OBJECTIVES: To study the impact of an evidence-based guideline on the management of community-acquired bacterial meningitis.
METHODS: We performed an interrupted time series analysis in a prospective nationwide cohort study from 2006 to 2015. The guideline stresses the importance of cranial imaging before lumbar puncture (LP) in selected patients based on clinical criteria, and early treatment with amoxicillin and a third-generation cephalosporin for adults with suspected community-acquired bacterial meningitis. The guideline was published in April 2013.
RESULTS: We included 1326 episodes before and 210 episodes after guideline introduction. Cranial imaging was performed before LP in 497 (84%) of 591 episodes with clinical criteria warranting computed tomography (CT). The guideline did not improve this (increase of 2%; 95% confidence interval (CI), -15 to 19). Without these criteria, imaging before LP occurred in 606 (67%) of 900 episodes, also without effect of the guideline (increase of 1%; 95% CI, -25 to 28). The estimate of effect of the guideline for treatment with the recommended antibiotic regimen was an increase of 19.5% (95% CI, 13.5 to 25.5), and there was a trend towards more frequent initiation of treatment before CT. There was no association between delay in antibiotic treatment due to imaging before LP and unfavourable outcome (odds ratio, 1.14; 95% CI 0.86 to 1.52).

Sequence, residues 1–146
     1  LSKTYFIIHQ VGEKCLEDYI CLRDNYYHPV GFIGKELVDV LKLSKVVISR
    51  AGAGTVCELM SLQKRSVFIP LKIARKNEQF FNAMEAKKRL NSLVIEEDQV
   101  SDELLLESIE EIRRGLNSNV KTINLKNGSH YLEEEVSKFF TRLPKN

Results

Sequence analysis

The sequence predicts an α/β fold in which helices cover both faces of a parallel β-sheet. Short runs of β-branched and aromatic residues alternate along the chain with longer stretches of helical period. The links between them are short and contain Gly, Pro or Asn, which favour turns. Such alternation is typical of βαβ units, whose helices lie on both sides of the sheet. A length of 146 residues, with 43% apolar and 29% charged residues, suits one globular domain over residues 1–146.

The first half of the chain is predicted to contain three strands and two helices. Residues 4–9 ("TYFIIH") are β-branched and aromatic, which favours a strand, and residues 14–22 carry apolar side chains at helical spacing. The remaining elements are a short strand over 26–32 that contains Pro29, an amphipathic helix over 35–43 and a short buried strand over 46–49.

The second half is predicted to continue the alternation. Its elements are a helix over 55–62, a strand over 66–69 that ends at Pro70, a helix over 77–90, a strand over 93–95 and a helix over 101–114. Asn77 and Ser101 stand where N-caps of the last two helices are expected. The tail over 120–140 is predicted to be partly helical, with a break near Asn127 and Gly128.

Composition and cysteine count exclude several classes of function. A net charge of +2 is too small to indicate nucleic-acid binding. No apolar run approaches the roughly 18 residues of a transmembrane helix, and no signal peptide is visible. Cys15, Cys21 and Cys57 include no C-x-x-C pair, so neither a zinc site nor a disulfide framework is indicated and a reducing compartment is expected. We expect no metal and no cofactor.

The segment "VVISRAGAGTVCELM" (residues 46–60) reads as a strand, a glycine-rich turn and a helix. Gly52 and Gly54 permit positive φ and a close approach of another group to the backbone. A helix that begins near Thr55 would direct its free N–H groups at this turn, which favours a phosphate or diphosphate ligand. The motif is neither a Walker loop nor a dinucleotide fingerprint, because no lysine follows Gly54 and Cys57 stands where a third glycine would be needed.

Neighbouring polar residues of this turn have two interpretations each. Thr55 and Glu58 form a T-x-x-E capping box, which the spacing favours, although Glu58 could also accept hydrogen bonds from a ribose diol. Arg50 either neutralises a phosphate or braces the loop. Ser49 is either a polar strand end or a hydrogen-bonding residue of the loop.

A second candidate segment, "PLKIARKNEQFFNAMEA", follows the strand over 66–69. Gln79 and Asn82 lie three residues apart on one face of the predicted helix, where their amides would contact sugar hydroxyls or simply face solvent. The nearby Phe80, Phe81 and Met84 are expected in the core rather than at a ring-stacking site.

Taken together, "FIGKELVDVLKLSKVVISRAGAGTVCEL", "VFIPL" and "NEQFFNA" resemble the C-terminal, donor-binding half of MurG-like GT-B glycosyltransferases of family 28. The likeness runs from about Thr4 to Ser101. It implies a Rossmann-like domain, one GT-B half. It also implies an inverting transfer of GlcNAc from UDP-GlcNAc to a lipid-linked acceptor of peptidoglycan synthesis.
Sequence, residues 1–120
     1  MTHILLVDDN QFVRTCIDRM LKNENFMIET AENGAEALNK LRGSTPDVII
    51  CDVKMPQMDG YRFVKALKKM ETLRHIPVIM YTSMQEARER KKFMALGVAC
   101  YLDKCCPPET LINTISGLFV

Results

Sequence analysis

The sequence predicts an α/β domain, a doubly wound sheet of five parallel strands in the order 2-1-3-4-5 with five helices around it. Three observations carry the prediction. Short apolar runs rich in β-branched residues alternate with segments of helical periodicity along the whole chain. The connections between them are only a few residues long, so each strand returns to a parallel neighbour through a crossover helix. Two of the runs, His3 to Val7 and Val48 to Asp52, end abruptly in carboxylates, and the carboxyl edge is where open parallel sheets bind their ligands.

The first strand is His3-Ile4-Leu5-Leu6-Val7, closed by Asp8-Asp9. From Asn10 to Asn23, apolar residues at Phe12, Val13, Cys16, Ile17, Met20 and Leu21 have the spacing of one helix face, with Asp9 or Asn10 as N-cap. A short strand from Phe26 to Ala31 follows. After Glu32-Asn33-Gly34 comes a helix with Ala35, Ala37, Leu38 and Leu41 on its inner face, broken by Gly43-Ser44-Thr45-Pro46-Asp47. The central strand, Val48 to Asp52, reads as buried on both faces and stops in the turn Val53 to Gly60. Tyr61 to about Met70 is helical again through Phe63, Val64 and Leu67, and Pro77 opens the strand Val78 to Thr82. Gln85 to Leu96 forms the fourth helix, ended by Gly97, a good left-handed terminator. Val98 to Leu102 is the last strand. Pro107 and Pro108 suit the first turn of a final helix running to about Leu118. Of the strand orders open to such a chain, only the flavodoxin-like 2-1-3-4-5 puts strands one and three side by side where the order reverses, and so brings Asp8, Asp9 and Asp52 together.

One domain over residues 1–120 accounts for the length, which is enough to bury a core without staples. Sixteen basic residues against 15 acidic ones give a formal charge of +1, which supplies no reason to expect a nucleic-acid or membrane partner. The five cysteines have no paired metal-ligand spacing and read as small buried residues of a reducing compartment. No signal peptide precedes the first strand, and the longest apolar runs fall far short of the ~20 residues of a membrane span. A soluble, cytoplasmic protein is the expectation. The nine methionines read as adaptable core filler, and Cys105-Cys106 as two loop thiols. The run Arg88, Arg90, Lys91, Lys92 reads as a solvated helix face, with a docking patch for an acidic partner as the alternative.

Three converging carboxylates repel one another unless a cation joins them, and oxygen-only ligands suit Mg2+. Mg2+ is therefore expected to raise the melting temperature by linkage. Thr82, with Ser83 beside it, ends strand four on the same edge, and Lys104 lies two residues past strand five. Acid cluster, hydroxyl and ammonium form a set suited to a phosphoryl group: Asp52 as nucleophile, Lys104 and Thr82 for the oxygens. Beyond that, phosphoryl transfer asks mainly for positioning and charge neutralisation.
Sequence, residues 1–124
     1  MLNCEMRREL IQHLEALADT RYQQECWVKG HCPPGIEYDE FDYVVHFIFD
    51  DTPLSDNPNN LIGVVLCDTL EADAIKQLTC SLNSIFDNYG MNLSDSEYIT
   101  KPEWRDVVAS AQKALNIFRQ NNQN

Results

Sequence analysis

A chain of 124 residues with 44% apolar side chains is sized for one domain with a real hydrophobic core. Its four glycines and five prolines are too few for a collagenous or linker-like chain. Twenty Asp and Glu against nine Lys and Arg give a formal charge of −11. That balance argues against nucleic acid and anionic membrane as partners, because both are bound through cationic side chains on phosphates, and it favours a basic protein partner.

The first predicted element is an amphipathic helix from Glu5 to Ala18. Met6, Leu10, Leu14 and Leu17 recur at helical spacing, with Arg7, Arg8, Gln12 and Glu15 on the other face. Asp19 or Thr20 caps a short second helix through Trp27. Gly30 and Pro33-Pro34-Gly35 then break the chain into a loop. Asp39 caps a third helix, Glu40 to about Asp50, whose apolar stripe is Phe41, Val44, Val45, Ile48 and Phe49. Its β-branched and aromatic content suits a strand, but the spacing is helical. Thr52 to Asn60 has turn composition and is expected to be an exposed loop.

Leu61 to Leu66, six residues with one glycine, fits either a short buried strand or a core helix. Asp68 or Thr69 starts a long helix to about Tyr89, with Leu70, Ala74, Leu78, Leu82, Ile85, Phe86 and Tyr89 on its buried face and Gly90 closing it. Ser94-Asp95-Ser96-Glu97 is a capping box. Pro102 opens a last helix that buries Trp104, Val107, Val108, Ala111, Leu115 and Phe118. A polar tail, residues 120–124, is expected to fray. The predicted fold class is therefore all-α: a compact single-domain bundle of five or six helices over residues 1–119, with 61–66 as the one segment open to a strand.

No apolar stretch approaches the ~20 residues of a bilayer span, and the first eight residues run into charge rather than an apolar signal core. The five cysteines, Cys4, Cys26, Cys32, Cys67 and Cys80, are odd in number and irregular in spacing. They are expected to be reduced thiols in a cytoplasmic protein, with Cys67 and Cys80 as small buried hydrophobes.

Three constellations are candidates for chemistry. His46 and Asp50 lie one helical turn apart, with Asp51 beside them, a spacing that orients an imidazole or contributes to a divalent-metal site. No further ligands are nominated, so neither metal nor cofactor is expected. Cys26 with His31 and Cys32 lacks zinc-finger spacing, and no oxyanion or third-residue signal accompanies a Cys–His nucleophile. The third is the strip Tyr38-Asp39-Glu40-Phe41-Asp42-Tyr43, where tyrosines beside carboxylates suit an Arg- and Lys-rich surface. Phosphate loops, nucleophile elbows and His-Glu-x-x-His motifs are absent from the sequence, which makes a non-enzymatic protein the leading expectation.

CONCLUSIONS: Cranial imaging is performed before LP in the majority of patients with bacterial meningitis, irrespective of guideline indications. The guideline introduction was associated with a trend towards early initiation of treatment before imaging and with increased adherence to antibiotic policy.